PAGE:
Label: Megaphonic Records
Release date: August 18, 2014
By: Mike Whyte
Some of you Release readers may be lucky enough to have come across Imogen Heap during her time as part of the duo Frou Frou. You may have even followed her through her solo career. I discovered her through her rather amazing “Reverb” festival at London’s Roundhouse – which culminated in this album’s launch.
A little about Heap then: she is a London singer-songwriter who incorporates cutting-edge technology into her contemporary music, including a pair of gloves she has developed which mix songs and create sounds while you move them. Her latest album, her 4th solo effort named “Sparks”, was developed through fans sending in “sound seeds” (900 in total), and using them to create tracks 3-monthly. Each track was then recorded over two-weeks and released online with a video.
So, if you like, “Sparks” is not just a new album, but a compilation of tracks taken from this 3-year period of activity. An interesting concept indeed.
To the album tracks then. After a quite traditional piano track, “Entanglement” is a little bit more electronica-based – lush vocals swoop over strings and clicking beats and backing. “The Listening Chair” is a fun, playful track which is Bjork-esque in a way (in the fact I could imagine her making something like it). “Lifeline” has some nice bass-y backing, sounding a little like she is singing as backed by Autechre back in their 90:s pomp (interestingly enough Plaid, a descendant of Autechre played as part of her Reverb festival). “Neglected Space” is quite experimental spoken word at times, but is interesting enough.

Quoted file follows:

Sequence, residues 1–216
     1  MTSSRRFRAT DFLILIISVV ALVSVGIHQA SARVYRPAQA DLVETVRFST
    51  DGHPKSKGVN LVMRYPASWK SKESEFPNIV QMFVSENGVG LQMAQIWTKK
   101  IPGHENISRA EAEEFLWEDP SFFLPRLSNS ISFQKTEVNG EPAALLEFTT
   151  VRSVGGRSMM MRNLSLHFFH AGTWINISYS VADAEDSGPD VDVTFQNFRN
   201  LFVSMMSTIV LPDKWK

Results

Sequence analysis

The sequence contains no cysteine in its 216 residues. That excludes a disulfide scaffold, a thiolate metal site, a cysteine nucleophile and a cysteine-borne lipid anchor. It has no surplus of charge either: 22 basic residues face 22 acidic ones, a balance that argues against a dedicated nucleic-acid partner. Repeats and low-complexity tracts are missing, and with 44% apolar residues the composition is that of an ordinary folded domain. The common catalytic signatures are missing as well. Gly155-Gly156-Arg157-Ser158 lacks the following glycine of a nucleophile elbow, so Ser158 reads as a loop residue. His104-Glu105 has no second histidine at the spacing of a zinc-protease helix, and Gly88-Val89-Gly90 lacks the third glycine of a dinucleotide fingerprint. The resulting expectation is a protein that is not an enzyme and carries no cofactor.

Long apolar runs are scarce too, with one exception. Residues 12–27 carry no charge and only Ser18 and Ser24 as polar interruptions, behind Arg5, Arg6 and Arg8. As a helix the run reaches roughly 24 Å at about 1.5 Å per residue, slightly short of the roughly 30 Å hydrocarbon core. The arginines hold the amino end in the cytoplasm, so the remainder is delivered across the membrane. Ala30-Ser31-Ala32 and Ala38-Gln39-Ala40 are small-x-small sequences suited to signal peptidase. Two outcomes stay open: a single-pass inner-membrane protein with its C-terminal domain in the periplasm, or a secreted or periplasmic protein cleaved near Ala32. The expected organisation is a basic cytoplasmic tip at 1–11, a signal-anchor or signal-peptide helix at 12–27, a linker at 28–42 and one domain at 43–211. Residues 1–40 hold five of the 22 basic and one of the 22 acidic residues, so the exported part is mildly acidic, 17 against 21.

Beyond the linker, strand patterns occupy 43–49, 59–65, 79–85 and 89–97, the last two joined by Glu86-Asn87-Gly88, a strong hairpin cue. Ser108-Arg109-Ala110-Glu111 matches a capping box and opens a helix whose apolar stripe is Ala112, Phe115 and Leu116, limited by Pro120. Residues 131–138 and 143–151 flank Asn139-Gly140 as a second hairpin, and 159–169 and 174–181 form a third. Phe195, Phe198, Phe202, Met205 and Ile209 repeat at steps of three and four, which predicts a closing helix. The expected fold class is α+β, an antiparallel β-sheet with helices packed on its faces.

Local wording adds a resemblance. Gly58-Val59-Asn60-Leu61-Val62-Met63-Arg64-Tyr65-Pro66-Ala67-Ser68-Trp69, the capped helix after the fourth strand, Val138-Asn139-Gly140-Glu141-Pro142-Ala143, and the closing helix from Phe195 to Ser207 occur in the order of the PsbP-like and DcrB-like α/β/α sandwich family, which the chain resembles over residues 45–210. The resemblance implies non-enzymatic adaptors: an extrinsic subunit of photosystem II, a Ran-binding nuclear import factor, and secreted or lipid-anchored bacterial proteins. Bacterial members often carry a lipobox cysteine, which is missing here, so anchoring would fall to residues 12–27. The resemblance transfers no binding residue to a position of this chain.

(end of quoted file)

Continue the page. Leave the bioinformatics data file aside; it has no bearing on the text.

There is so much invention through the album, it makes you wonder why so many other artists struggle to make their tracks sound different. Consider “Run-Time”, which changes 3 times during the space of just one track, or “Xizi She Knows”, which incorporates Mandarin counting into its structure.
The 14 tracks make up a decent album, with the release I had having another album made up of instrumental versions of the same tracks. Not all of the tracks sat well with me, “Me the Machine” being a little too washy for me, but on an album that is so wildly varied, this is unsurprising. I’m sure everyone who gave this a listen would find something they really liked and something they didn’t – the aural equivalent of a box of chocolates…
Though at times it strays towards modern classical music rather than electronic, this is an album that really shows the creativity of the artist Heap, and is worthy of repeated listening for that. A very creative album from a very creative artist.